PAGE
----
Jorno Review: Hands-On With a Tri-Fold Portable Keyboard for iOS Devices

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Continuing on with our series of keyboard reviews, we're taking a look at the portable, foldable Jorno keyboard. The Jorno made its debut on Kickstarter way back in 2012, and after years of refinements and design changes, the keyboard began shipping out to customers in March of 2015.

The Jorno's look is quite a bit different than the original concept presented in 2012, but the basic idea is the same -- it's a tri-fold Bluetooth keyboard that collapses down for better portability. The Jorno name heralds the design of the keyboard, which resembles a Moleskine journal when it's folded up for travel.

jornoiphonestand

What's in the Box and Setup

The Jorno ships in a compact box that includes the keyboard itself, the cover/stand that holds it up, and a USB cable for charging. Setting up the Jorno takes just a few seconds. When it's unfolded, it's powered on (as indicated by a green light) and Bluetooth can be activated by holding down function and tapping the Bluetooth key (the "C").

jornowhatsinthebox
From there, it pairs within the Settings menu of an iPhone or iPad like any other Bluetooth accessory.

Design

The Jorno is a two-piece accessory with a QWERTY keyboard and a separate stand rather than a keyboard case, so it's able to work with a wide range of devices, including the iPhone, the iPad, and other smartphones and tablets. The main component of the Jorno is the keyboard itself, which is collapsible and can be folded down into a 5.7 by 3.5 inch package that's then covered by the case/stand for travel.

jornopieces
When the Jorno is not in use, the black leather-like stand serves as a case, but when you need to type something, it folds into a triangle shape held together by magnets, much like an iPad Smart Cover. A small plastic lip at the bottom ensures an iPhone or an iPad stays in place, and the magnets that hold it all together are strong enough that nothing is in danger of falling over. Since it's just a simple stand, the Jorno's case can hold an iPhone or iPad in landscape or portrait mode for typing, watching videos, and more.

jornoipadtray
On the bottom of the stand, there's a plastic foot that can be pulled out and set into several different positions to slightly change the viewing angle of an iPad or iPhone. The entire lip of the case doesn't slide out, but the small portion that does is strong enough to hold up an iPad Air 2.

jornoipadportrait
Constructed from aluminum and plastic, the Jorno keyboard itself is light and easy to carry at 6.51 ounces. The aluminum outer portion of the keyboard is a dark silver color (similar to the Space Gray iPhone/iPad), while the plastic keys and the keyboard are black. There are two hinges on the Jorno keyboard to allow it to fold down, with both sides folding inward toward the middle when it is collapsed.

jornofoldedup
Because of the hinges, the Jorno keyboard does not lie entirely flat on a desk or table so it does rock back and forth a bit when you're typing, a factor that can be irritating. The hinges also prevent it from being used on a lap -- when the hinges aren't supported on a flat surface, they fold inward because they don't lock in place. The hinge's folding mechanism is smooth and it takes just seconds to fold/unfold the Jorno keyboard and stand when getting ready to store it away or use it.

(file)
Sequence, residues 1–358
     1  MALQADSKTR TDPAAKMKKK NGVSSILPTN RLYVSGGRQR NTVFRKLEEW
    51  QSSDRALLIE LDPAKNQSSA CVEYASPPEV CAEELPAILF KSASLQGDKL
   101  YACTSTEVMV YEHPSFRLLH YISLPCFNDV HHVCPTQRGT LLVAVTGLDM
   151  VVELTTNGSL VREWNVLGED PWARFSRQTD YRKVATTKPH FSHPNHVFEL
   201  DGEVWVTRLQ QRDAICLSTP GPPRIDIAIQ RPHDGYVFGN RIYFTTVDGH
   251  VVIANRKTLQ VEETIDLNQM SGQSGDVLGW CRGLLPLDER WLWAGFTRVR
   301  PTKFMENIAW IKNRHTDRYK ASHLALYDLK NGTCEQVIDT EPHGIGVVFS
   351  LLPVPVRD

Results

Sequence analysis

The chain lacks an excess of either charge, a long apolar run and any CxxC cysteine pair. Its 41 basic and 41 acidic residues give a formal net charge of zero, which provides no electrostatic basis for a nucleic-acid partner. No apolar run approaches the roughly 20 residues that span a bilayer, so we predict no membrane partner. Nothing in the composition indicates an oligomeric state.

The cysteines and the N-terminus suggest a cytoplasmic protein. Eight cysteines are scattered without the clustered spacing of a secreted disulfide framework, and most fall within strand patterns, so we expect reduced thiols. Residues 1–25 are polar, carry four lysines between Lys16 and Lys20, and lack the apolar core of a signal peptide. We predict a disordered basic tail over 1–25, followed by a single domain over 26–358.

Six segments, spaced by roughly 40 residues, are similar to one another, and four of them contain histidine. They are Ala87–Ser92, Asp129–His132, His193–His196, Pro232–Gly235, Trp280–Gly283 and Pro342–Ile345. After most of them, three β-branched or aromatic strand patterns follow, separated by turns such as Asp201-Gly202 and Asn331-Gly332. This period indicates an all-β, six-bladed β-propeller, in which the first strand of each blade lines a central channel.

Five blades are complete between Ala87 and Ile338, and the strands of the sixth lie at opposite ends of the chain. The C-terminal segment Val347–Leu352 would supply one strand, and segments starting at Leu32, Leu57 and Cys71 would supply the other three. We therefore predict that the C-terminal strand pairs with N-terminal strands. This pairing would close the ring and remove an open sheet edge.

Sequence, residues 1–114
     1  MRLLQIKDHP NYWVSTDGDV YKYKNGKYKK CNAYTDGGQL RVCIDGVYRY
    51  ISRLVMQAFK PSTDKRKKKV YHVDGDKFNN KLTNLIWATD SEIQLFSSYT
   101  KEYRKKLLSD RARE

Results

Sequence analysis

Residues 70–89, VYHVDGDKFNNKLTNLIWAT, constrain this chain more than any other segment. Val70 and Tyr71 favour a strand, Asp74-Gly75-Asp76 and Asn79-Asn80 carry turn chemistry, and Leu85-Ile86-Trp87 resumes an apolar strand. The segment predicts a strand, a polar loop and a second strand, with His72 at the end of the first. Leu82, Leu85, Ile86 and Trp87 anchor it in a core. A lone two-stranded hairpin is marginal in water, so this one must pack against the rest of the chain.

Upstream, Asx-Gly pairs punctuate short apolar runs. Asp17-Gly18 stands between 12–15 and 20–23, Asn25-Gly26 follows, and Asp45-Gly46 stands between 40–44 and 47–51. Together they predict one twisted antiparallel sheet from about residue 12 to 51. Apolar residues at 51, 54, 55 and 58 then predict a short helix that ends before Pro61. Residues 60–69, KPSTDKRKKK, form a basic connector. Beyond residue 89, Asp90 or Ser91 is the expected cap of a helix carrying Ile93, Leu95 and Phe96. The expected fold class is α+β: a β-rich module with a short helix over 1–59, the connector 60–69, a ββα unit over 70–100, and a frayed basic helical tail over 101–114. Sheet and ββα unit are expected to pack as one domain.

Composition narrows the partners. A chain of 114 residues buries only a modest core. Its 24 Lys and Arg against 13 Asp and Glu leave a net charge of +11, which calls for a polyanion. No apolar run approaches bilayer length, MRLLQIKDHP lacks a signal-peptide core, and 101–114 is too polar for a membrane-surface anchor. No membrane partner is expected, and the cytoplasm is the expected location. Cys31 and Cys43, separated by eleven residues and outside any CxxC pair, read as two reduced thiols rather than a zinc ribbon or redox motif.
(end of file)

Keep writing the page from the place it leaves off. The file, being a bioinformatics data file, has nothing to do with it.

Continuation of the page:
jornounfolded
Aesthetically, the full Jorno package is compact and unobtrusive. The keyboard has a simple no-frills design, as does the stand, but the keyboard is marred by four screws that hold the hinges in place. The screws peek up over the top of the keyboard and are visually distracting, but don't get in the way of typing.

jornohinge

The Keys

The best descriptor for the Jorno's keys is "clicky." They make an audible clicking sound when typing and that click is louder than the click of the keys on a MacBook. People who prefer a quieter keyboard may not like the louder-than-average clicking sound.

Key feel is one of the most important aspects to consider when it comes to a portable keyboard, and this is an area where the Jorno does a solid job. The keys feel satisfying to type on and are comparable to the keys on your average desktop keyboard.

jornokeyboard
Compared to a MacBook Pro or Air keyboard, the Jorno has a similar feel, but it takes a bit more force to press a key down and there's slightly more travel. It's not quite the same sensation as typing on a MacBook keyboard, but it's similar enough that it'll feel familiar from the first press. Size wise, the Jorno keyboard is more compact than a MacBook keyboard, so the keys are smaller and closer together. When unfolded, the Jorno is approximately 10 inches in length.

It takes some time to adjust to the size difference between the keys on the Jorno if you're used to typing on a MacBook Air or Pro, but after a short period of time the average touch typist should become accustomed to the spacing and will be able to type nearly as quickly as you do on MacBook.

jornowithiphone
The Jorno is designed to work with a wide range of devices, so it's got keys that are specific to Windows, Android, and iOS devices. Toggling between the three modes can be done by holding down the function key and pressing the appropriate key on the keyboard.

When in iOS mode, holding down function and pressing the keys arranged at the top of the keyboard enables several iOS-specific features. There's a key to return to the iPad or iPhone's home screen, initiate a search, select text, copy, paste, control media, and change the volume of a device.

Other Features

The Jorno has a battery that lasts for 85 hours of continuous typing or 220 days in standby, which means you should only need to charge it once a month or so depending on your usage habits. If you're only typing occasionally, you may only need to charge every few months. Charging is done with the accompanying Micro-USB charging cable.